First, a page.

There are not 10 commandments. There are 6.
1. Don’t Rape
2. Don’t be prejudiced
3. Don’t be sexist
4. Love your children
5. Love your neighbor
6. Love yourself”

Most people would never guess that these were the words of Kurt Cobain, King of Grunge. The angry man who would throw himself around the stage smashing guitars while sporting an attitude that implied he didn’t care about anything…actually cared about a lot of things.

It all really started in a college course called History of American Music. I loved music my whole life, singing from a young age and picking up guitar in high school. However, I rarely dug deeper than chords, melodies, and lyrics. In this course, we learned the life stories of great musicians from America. Once we got to the grunge era, I fell deeply in love. After that, there was no turning back.

We weren’t exposed to the complete story of Nirvana, but we did learn about one tidbit that struck me. While recording Something In The Way, Kurt was lying on his back on a couch in the studio, singing so quietly that he was practically whispering. Everyone in the studio had to be dead silent in order to pick up his vocals. I could close my eyes and see Kurt, lying on his back, eyes closed, brow furrowed, long messy hair matted atop a pillow. I wasn’t sure how with such simple lyrics and melodies, Kurt was able to convey emotions in the most intense way. I could feel his pain and loneliness pouring out of my speakers and into my soul, which lonely, too. It was incredible.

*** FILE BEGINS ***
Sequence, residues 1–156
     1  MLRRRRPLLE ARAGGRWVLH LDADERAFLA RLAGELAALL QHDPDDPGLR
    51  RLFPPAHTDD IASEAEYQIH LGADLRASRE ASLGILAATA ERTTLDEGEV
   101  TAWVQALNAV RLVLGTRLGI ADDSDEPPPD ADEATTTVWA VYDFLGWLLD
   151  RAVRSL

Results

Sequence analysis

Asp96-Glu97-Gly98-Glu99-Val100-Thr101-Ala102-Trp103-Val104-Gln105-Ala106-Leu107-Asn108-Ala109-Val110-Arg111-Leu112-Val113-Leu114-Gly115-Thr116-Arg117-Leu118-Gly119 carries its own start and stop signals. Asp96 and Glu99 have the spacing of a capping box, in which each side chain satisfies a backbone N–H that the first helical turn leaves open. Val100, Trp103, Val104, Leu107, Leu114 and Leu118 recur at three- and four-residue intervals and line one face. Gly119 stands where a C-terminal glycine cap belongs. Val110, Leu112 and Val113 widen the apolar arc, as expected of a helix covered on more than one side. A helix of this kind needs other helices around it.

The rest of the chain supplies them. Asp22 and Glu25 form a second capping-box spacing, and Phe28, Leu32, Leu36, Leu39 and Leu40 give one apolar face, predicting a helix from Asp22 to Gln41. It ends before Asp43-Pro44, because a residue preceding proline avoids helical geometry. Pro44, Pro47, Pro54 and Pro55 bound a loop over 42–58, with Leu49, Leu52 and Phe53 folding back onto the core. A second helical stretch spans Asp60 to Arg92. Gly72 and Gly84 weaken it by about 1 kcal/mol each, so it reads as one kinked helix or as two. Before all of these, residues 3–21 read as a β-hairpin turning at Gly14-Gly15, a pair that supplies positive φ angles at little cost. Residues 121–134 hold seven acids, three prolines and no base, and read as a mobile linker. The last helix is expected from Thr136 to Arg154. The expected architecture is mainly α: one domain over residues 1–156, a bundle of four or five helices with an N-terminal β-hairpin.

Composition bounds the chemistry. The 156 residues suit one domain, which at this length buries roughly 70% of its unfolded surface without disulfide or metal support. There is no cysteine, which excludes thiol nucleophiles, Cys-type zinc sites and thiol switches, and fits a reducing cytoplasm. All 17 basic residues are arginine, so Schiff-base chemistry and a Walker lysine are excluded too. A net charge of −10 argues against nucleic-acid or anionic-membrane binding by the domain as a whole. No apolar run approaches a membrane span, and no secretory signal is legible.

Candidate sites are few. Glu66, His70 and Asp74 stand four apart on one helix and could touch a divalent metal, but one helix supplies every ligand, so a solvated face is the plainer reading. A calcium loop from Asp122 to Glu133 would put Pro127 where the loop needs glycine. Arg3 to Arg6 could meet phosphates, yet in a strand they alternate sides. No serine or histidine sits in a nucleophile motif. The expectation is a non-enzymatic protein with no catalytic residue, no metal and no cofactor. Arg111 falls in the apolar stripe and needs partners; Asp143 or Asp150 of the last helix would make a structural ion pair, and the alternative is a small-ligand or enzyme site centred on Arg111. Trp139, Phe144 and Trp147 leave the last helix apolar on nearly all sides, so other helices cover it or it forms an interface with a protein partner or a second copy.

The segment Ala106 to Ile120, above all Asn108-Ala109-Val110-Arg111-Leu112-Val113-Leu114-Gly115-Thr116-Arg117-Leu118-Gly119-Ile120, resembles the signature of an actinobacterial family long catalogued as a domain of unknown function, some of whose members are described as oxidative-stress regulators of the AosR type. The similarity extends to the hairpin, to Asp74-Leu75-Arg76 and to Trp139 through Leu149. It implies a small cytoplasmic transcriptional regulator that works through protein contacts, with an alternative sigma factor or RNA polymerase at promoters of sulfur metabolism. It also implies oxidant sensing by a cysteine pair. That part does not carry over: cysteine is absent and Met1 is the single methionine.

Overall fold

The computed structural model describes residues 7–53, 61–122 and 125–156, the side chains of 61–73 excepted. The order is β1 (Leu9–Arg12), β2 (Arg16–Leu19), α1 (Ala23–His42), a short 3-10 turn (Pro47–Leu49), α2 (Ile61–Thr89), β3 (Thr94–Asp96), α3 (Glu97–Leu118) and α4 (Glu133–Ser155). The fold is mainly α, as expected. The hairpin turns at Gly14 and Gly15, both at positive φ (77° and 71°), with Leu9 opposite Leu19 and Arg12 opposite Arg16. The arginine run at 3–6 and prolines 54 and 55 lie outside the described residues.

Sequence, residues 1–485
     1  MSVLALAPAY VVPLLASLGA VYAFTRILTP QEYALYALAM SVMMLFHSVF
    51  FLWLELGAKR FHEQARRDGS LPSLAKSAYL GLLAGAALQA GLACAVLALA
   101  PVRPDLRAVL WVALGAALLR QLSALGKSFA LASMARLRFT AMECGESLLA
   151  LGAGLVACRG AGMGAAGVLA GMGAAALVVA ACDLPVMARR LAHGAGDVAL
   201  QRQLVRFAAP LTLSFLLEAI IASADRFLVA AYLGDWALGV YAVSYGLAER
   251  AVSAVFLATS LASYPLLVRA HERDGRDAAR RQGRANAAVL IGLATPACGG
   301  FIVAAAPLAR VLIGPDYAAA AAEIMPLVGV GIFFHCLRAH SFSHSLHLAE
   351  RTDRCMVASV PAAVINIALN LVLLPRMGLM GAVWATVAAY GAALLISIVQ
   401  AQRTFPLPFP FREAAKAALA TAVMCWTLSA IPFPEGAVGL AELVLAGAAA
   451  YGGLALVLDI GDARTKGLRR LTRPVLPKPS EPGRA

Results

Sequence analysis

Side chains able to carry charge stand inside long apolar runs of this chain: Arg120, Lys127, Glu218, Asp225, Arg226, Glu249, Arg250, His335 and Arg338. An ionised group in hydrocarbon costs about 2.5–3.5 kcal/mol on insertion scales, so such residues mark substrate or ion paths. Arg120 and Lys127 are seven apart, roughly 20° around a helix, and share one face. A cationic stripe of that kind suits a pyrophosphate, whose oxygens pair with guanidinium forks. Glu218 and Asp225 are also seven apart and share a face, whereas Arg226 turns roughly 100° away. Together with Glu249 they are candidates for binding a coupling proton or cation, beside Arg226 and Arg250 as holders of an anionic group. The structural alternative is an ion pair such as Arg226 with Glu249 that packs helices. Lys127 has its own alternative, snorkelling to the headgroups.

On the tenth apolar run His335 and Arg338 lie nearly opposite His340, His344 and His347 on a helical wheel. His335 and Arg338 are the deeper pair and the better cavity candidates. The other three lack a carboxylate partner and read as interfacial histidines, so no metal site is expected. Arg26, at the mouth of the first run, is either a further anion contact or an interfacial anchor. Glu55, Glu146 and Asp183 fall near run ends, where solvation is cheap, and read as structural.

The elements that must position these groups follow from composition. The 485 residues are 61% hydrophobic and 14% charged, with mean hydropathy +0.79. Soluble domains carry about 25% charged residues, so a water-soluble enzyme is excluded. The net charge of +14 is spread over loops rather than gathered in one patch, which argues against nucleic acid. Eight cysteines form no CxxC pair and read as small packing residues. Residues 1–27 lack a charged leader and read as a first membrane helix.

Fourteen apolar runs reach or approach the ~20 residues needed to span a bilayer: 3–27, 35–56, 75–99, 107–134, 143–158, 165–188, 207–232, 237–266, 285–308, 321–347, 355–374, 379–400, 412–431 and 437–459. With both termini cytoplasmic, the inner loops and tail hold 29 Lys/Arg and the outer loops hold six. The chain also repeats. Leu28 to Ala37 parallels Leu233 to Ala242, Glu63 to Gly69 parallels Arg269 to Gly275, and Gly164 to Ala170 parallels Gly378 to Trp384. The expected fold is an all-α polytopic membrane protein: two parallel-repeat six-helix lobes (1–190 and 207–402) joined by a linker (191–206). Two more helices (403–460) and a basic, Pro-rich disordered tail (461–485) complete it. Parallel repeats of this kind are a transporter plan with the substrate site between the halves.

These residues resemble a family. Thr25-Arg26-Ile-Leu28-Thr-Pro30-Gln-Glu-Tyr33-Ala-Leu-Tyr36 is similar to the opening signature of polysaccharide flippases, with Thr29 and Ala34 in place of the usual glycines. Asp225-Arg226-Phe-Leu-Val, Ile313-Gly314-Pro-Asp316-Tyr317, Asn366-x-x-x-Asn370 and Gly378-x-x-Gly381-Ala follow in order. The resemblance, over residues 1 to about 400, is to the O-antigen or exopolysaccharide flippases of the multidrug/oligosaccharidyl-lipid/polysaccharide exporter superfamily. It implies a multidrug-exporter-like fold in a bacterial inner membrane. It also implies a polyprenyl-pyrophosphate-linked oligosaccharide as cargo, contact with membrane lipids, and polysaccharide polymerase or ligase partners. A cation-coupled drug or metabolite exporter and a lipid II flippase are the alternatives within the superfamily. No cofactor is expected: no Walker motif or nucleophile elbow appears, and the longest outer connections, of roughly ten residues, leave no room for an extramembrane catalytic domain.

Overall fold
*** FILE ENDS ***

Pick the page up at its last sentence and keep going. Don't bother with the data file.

I was going through a period of depression, self-loathing, and a slew of health problems. I watched every documentary about Kurt Cobain that I could find, devoured Nirvana books, and even invaded Kurt’s privacy by reading his published journals. When it felt like no one else in my world understood how I was feeling, I was able to relate to Kurt. It became a thing. I would turn to Kurt’s spirit, as though he was a friend of mine who had passed away. I could feel his pain, and Nirvana’s music seemed to feel my pain.

Though Kurt’s story is a dark one, I found a friend in him, as well as inspiration. Since reading the books and watching the documentaries, I have not been able to listen to Nirvana the same way. Everything is even better than it originally was. If Kurt was able to endure so much pain emotionally and physically in his life, I could, too. I realized that I could use my music as a creative and therapeutic outlet. Instead of moping around all day watching Netflix, I began practicing guitar more and writing some lyrics. My internal struggles had become externalized and turned into an art. I had hope again.

Some nights, when I’m feeling sad, anxious, or lonely, I’ll bring my mini Martin guitar into bed with me. I know that music is the answer, and it will save me. I’ll lie down on my back, six-string on top of me, eyes closed, brow furrowed, long messy hair matted atop a pillow.


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(Hat & Sunnies were random finds on Amazon)


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